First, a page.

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our view Exchange sites show service to taxpayers

December 2, 2018

The best idea in local government this year goes to Groves, even though that town didn’t come up with it first. The Mid-County city is believed to be the only one in Southeast Texas to provide an official exchange site for people getting packages from strangers or for parents transferring children when custody is contentious. It’s simple, and it represents the kind of service-oriented philosophy that local governments should emphasize.

For the price of a few video cameras and a couple of signs, Groves residents are a little safer. The city designated a portion of the parking lot by the police station as an “internet purchase and child custody exchange location.” It’s under constant surveillance, and police officers are just inside the building.

Now, when a parent involved in an unpleasant custody battle has to meet his or her ex, the tension level is reduced. Or if you want to get that package of shirts or flower pots you bought from someone online, your chances of being robbed or assaulted just went way down.

In fact, people led government on this issue. Groves police Marshal Norman Reynolds said some parents were already handing off children the parking lot informally — because it’s a police station, after all. The city realized it should formalize the concept and make it safer.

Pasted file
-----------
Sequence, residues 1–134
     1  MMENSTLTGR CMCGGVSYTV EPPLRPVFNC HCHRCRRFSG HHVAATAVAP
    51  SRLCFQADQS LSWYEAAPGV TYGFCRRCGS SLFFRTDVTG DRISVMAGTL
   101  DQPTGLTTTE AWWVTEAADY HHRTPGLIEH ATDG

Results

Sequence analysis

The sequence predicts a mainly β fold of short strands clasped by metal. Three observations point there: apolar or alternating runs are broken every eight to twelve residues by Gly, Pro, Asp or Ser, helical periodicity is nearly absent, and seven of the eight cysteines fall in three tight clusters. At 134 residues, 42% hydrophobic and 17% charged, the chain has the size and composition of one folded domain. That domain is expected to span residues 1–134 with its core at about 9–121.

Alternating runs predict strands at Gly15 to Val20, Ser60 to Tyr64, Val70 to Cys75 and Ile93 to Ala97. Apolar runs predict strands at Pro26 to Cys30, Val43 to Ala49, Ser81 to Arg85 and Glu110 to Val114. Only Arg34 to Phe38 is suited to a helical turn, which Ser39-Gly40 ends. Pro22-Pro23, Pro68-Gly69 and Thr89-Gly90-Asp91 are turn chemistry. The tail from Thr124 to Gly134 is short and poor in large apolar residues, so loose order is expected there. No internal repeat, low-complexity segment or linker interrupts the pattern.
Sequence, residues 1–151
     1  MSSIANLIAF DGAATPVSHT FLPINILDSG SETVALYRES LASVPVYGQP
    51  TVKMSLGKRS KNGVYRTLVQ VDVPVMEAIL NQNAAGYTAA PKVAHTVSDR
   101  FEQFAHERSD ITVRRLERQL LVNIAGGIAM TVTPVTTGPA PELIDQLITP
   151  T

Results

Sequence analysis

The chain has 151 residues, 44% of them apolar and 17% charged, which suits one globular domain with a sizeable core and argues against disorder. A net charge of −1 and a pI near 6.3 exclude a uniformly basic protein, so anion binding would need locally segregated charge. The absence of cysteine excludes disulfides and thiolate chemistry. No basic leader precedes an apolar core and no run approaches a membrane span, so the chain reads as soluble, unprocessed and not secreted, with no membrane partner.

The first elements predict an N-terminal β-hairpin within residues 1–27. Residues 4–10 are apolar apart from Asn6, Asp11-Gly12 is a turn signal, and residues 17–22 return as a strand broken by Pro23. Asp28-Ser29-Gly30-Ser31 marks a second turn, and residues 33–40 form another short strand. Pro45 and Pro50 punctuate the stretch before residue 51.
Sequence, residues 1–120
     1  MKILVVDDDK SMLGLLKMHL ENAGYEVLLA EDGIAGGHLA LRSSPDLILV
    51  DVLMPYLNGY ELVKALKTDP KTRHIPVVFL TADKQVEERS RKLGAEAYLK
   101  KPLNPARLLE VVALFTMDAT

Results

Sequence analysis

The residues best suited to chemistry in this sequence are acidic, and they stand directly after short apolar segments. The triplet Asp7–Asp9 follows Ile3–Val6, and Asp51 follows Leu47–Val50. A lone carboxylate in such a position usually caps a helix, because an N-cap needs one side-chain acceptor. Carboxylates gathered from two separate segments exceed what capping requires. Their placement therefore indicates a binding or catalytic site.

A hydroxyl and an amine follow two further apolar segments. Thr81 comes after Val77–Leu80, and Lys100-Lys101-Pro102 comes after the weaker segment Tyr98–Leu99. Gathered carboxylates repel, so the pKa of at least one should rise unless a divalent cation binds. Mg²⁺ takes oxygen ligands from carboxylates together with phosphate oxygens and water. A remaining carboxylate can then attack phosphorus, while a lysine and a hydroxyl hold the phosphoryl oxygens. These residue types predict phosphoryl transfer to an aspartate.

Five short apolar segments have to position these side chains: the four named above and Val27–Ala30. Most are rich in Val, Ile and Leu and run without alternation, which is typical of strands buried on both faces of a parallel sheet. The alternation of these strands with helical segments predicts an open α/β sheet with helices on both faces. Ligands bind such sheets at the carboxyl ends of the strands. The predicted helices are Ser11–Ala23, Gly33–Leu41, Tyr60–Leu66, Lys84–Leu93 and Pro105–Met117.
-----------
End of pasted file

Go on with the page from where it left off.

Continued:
Every city in the region should have something like this, and larger towns like Beaumont and Port Arthur could use a couple. Again, the cost is not much, probably $1,000 or $2,000 per site. For cities and counties with multimillion-dollar budgets, that’s affordable, and it provides great bang for the buck. In many cities, parking lots by police stations and other official buildings are already under video surveillance.

The larger point is getting people more return on their tax dollars, doing more than just the bare minimum.

In downtown Port Arthur, the Department of Public Safety office for driver’s license renewals and other basic business will finally return to full hours on Dec. 11. It had been open for about half of that schedule, and that service disruption was inexcusable.

State officials said the office didn’t have enough staff for full hours, but this is a fundamental responsibility of a major state agency. This region has only three such offices, one each in Port Arthur, Orange and Beaumont. Long lines are common, and the problem was made worse by the partial shutdown in Port Arthur.

In 2015, state officials made a big point of sending 500 DPS troopers to the Mexican border to help stop illegal immigration, even though the federal government employs thousands of Border Patrol agents for that very purpose. Some of those troopers could have served taxpayers better in other parts of Texas — like the DPS office in Port Arthur.

Taxpayers don’t expect miracles from government at any level, but they should receive the best possible service and respect at all times. The exchange sites show how that can be done better and more creatively.

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